Bend▶️ ‘I won’t stay in a shelter’: Unhoused Bend resident reacts to...

▶️ ‘I won’t stay in a shelter’: Unhoused Bend resident reacts to camping code

▶️ ‘I won’t stay in a shelter’: Unhoused Bend resident reacts to camping code

▶️ ‘I won’t stay in a shelter’: Unhoused Bend resident reacts to camping code

Smokey, an unhoused man who lives on Hunnell Road, has called his trailer his home for years.

Central Oregon Daily News has been covering the process of Title 4 — the camping code — through the Bend City Council for months. The council passed it Wednesday night by a narrow 4-3 majority.

The new code bans unhoused people from camping in residential areas, city property and public rights-of-way. These include, but are not limited to, sidewalks, roads and roundabouts.

Smokey has always been willing to speak with us about how a camping code would impact him and others on Hunnell Road. He told us, even if he’s forced to move his trailer, he will not live in a shelter.

“I have stayed in a shelter only under mandatory necessity. I won’t stay in a shelter,” said Smokey. “I don’t want the guy next to me snoring. I want to sleep in my own bed. I want to sleep where I’m comfortable.”

Living without adequate shelter means comfort is a rarity.

What little comfort Smokey does have is in his trailer, and he can’t move that trailer until it’s fixed.

“With things disappearing and stuff and tools being taken, it’s been a struggle, and I’m not leaving until it’s finished,” said Smokey.

But the new Bend code also means homeless campers won’t be allowed to stay in one spot for more than 24 hours. They will be given 72 hours, once they have received notice, to move.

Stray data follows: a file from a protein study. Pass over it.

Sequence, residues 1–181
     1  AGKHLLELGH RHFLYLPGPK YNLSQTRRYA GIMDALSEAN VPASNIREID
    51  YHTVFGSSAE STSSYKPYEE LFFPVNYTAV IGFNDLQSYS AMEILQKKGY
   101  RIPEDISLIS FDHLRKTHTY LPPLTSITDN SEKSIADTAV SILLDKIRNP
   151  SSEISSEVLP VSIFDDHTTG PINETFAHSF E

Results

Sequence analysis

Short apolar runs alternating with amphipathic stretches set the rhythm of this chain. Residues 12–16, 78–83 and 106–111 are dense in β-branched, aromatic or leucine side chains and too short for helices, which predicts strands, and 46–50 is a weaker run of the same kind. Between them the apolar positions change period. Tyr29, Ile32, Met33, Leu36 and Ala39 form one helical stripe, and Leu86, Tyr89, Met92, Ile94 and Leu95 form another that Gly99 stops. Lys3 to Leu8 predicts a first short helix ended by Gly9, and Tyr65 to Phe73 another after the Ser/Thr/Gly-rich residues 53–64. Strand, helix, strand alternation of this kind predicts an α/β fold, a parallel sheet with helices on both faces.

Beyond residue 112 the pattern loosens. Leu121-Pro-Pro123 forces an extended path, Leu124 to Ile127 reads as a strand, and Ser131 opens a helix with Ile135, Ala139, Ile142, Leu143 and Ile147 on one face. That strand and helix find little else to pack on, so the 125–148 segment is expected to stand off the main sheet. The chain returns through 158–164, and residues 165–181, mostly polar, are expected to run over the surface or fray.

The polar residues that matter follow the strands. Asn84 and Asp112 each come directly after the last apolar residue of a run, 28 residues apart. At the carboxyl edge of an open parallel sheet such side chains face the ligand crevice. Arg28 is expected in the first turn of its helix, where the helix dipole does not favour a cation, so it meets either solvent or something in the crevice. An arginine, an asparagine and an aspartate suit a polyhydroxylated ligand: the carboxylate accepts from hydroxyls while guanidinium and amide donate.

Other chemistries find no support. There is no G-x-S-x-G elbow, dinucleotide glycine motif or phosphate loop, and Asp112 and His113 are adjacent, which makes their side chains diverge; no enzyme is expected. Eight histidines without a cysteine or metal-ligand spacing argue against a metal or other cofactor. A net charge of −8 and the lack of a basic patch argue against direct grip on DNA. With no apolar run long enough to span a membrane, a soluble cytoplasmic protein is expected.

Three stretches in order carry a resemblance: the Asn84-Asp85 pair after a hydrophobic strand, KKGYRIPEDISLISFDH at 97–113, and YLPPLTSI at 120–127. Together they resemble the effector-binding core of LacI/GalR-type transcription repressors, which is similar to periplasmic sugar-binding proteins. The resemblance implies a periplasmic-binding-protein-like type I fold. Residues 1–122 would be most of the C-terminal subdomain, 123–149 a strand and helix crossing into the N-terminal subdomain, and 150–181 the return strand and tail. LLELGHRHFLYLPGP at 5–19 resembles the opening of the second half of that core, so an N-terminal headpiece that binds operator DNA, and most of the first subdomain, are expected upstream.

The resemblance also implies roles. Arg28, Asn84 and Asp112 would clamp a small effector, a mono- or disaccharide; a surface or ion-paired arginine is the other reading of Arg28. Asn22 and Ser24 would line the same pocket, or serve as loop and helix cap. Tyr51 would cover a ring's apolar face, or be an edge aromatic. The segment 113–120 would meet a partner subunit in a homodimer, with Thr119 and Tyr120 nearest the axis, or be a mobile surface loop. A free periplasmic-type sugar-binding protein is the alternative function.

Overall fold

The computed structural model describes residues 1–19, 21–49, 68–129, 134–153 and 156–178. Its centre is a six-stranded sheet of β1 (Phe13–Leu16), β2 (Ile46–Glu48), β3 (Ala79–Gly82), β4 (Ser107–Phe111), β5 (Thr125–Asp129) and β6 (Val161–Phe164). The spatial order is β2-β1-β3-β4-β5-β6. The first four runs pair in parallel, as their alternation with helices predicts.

RELATED: Bend City Council narrowly approves new unhoused camping code

RELATED: Bend’s unhoused community gets a voice at camping code roundtable

We asked Smokey if he would be able to move his trailer every 24 hours.

“No, you can’t even live that way,” he said.

One of the main concerns brought up during the meeting to approve Title 4 was enforcement. The police forcing people to move could lead to arrests and people would likely move right back to where they were camping, according to Smokey:

“We’ll be an empty road and the jails will be full, overpacked, and then they’ll be back to the same old crap,” Smokey said.

The city did pass a resolution along with the camping codes. It states the city is not trying to criminalize homeless people and forcing people to move will be a last resort used only after first working to connect people to service providers and trying to find shelter space.

The camping code will not be enforced until after March 1, 2023.

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